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Documentary Shows Senior Athletes Going For the Gusto
11/09/2012   Reported By: Tom Porter
Production Still from Age of Champions

There was a time when retirement was seen as a reward for a long life of hard work, and a chance to rest, and relax. But for a growing number of older Americans, golf and backgammon just aren't enough.

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Senior Athletes Go For the Gusto in Documentary Listen
 Duration:
4:2

That's 86-year Adolph Hoffman from Somerset, Texas perfecting his pole vaulting techniques in preparation for the 2009 national senior games in California - an event which attracted more than 10,000 athletes.

He's one of a handful of superannuated athletes profiled in a new documentary called Age of Champions, which is being screened in Portland this weekend.

"I realize that I"m getting old and that most people my age are six foot under the ground instead of trying to pole vault six foot or better," Hoffman said in the documentary.

Hoffman, who's still competing, went on to win seven medals at the 2009 senior games, including a gold in the pole vault. But his best was yet to come: at the National Senior Games in Houston last year, he won 10 gold medals.

"Any kind of game I play, you're out to win, and I participate in about 13 events," Hoffman said in the film.

"Just hearing about the existence of the senior Olympics just shattered my expectations of aging," said Filmmaker Keith Ochwat.

Keith Ochwat, "Age of Champions" ProducerHe is the producer of "Age of Champions." He said that he and director Christopher Rufo were surprised at just how competitive these older athletes are. He cited the case of a 100-year-old tennis player who was preparing for the games, and issued a challenge to the two young producers. "He challenged us to a doubles match with his 94-year doubles partner, and Chris and I, who were both 26 at the time, accepted the challenge and didn't take it seriously and before we knew it we'd lost," Ochwat said.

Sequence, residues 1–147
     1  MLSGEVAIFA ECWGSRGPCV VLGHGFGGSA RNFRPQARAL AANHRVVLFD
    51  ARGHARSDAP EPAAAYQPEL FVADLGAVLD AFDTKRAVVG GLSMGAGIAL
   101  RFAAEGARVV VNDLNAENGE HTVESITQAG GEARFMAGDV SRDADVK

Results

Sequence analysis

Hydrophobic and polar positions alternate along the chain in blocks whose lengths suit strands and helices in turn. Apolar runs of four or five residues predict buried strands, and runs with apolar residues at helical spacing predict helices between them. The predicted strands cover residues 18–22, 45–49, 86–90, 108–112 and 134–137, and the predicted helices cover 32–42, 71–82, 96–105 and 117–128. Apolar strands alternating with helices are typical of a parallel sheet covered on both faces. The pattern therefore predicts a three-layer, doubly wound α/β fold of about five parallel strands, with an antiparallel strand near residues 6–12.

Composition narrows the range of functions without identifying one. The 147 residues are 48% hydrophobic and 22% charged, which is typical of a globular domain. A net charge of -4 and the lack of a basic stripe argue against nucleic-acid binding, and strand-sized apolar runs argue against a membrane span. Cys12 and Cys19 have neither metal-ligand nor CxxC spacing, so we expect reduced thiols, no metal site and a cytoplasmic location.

Of course, this competitive drive is found in older people all over the world, and here in Maine.

"Well, we had one athlete this year who's mid-70s, I'm guessing, tremendous athlete, has overcome an incredible amount in his life and is now just undergoing treatment for cancer, and had a treatment and went a did a 5-K road race the same day," said 67-year Jo Dill, a retired teacher from Lyman, she is co-ordinator for the Maine Senior Games, an annual event for athletes aged 50 or more which this year attracted over 600 participants.

Dill's game is basketball, which, she took up competitively 9 years ago in her late 50s.

"I have always maintained that exercise in the magic pill and I really feel that it's kept my arthritis and everything else at bay," Dill said. "I feel so much better. I feel as good as I did when I was in my 30s."

"I would say that the way people age is changing every day," said John Hennessy. He is advocacy director for the Maine branch of the AARP.

He said whether it's competing in organized games, or being physically active in other ways, older people, are staying younger, longer.

"Maine people tend to be more outdoorsy, and more engaged with the environment," Hennessy said. "And doing healthy things just comes natural to a lot of these folks."

As for Maine senior athlete Jo Dill, she's preparing to head to Cleveland, Ohio next summer, where she'll be competing, as a member of Maine pioneers basketball team, in her 4th national senior games.

"To celebrate my gold medal, I'll have a couple of good gin and tonics and a nice meal with good company," Dill said.

The documentary "Age of Champions" will be screened at USM's Abromson Center in Portland on Sunday, November 11 at 1:30 pm. It will be followed by a discussion on healthy aging, led by Jo Dill and the film's director Christopher Rufo.

Next July, the film will be shown on PBS, ahead of the national senior games.

Visit the Age of Champions documentary website.

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